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What’s next for the UK housing market?

Mar 25, 2019
TwentyCi asks the experts to make their predictions.

In spite of the gloomy post-Brexit predictions for the UK economy and house prices, the property market has shown resilience since the 2016 referendum. With the Brexit deadline now fast-approaching, here are some predictions for the year ahead from a selection of industry experts.

National Association of Estate Agents

We usually see demand spike in the first few months of the year, but the landscape will probably be very different in 2019 as buyers sit on the fence and adopt a ‘wait and see’ strategy until the Brexit deal is complete.

Nationwide

If the uncertainty lifts in the months ahead and employment continues to rise, there is scope for activity to pick up through 2019.

Zoopla

Regional markets are predicted to continue to fend off economic uncertainty and boast the most growth in the UK housing sector. London and south-east England are expected to bear the brunt of Brexit in 2019.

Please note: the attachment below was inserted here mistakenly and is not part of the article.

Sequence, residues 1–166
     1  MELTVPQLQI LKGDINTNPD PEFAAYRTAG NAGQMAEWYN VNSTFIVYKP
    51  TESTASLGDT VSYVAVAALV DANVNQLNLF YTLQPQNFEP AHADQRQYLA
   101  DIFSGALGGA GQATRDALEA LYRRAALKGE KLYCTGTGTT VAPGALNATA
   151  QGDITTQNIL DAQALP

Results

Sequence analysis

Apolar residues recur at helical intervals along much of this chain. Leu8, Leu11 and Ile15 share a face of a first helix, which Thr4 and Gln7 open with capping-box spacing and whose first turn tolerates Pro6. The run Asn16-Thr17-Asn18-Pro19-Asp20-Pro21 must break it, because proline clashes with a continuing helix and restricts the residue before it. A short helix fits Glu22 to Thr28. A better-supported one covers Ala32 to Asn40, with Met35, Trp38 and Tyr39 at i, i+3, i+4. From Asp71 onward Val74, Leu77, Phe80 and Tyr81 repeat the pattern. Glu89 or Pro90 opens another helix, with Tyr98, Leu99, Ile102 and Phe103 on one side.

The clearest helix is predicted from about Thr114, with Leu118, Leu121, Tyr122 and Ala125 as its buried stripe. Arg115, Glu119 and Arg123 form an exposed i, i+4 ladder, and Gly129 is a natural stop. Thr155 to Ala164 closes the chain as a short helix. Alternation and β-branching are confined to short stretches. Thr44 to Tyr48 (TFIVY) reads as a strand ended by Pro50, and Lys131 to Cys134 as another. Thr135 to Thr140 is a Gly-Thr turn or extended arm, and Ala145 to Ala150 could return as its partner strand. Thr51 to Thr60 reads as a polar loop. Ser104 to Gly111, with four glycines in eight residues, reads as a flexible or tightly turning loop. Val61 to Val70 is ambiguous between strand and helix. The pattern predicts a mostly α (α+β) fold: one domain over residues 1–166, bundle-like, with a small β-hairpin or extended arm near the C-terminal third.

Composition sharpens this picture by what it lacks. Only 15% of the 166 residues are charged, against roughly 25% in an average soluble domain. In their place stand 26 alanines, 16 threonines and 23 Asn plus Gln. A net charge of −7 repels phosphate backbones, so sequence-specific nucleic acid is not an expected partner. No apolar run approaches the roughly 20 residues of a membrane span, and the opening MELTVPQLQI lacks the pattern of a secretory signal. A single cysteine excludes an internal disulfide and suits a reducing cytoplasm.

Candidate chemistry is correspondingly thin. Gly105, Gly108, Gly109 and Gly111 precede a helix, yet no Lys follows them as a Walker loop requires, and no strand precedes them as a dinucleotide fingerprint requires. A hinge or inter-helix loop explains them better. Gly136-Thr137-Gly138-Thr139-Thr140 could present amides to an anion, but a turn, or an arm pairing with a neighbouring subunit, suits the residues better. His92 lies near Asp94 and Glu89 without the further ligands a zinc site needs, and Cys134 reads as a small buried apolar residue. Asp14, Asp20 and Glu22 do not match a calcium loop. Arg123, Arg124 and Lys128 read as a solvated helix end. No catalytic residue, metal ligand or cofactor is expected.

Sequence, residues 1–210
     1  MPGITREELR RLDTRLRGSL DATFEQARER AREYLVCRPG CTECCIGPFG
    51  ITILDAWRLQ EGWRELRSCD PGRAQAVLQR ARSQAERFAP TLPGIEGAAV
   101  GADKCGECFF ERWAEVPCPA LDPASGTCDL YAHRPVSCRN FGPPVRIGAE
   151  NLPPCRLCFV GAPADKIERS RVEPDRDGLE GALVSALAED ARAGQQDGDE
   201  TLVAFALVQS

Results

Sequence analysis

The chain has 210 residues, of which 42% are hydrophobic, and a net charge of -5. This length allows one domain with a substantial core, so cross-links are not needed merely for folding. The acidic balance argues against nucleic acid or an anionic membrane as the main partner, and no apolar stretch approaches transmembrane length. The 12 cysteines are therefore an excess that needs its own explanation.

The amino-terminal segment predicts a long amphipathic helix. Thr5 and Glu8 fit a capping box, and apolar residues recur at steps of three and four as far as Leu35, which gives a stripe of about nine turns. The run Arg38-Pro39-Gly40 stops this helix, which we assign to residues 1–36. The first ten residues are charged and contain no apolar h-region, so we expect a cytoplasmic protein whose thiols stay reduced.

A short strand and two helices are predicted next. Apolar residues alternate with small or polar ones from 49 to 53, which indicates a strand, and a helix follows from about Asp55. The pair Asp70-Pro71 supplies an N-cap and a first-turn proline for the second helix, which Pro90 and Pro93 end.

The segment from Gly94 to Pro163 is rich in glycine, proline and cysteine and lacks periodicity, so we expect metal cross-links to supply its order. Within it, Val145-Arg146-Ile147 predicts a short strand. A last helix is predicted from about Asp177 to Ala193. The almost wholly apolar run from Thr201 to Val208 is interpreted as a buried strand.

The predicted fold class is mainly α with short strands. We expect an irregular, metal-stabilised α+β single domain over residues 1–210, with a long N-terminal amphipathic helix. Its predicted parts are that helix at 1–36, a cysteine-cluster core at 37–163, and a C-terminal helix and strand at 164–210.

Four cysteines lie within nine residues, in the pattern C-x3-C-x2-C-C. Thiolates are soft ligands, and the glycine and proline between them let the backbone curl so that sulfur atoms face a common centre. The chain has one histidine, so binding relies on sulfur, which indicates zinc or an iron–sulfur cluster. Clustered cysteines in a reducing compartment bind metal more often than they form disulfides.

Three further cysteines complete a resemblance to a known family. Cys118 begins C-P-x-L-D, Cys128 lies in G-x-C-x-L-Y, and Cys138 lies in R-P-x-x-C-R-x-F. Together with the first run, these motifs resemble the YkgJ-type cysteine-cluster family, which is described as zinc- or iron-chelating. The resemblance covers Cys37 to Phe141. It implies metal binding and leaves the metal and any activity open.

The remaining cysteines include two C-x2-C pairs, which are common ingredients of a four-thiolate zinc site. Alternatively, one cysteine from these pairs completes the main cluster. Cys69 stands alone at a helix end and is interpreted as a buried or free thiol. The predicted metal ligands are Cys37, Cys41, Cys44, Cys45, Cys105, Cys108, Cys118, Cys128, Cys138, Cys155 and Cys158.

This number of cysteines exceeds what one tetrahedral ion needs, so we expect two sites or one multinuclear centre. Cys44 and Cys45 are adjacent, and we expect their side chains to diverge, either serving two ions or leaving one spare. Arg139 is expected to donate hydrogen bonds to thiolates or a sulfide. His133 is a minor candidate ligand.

Hometrack

Brexit is the greatest driver of uncertainty in the near term and the prospects are for a slow start for the housing market in 2019.

Halifax

The UK could see house price growth as high as 4% by the end of 2019 despite current political upheaval.

Rightmove

House-sellers’ asking prices will be unchanged at 0% across 2019. Underlying the flat growth across the UK generally, Rightmove expects to see asking prices falling by around 2% around London’s commuter belt and decreasing by around 1% in Greater London itself, while heading further north, where affordability is less stretched, asking prices could increase by around 2% to 4%.

Royal Institution of Chartered Surveyors

House prices will stagnate in 2019 and the number of sales will fall as a mixture of Brexit and affordability constraints take their toll on the property market.

Howard Archer, Chief Economic Adviser to the EY Item Club

The fundamentals for house buyers currently remain challenging. Consumers have faced an extended serious squeeze on purchasing power, which is only gradually easing. Additionally, housing market activity remains hampered by relatively fragile consumer confidence and limited willingness to engage in major transactions. However, a no-deal Brexit is unlikely to bring about a slump while the number of homes for sale remains relatively low.

 

Extract from TwentyCi Property & Homemover Report – Q4 2018 published 19 January, 2019.

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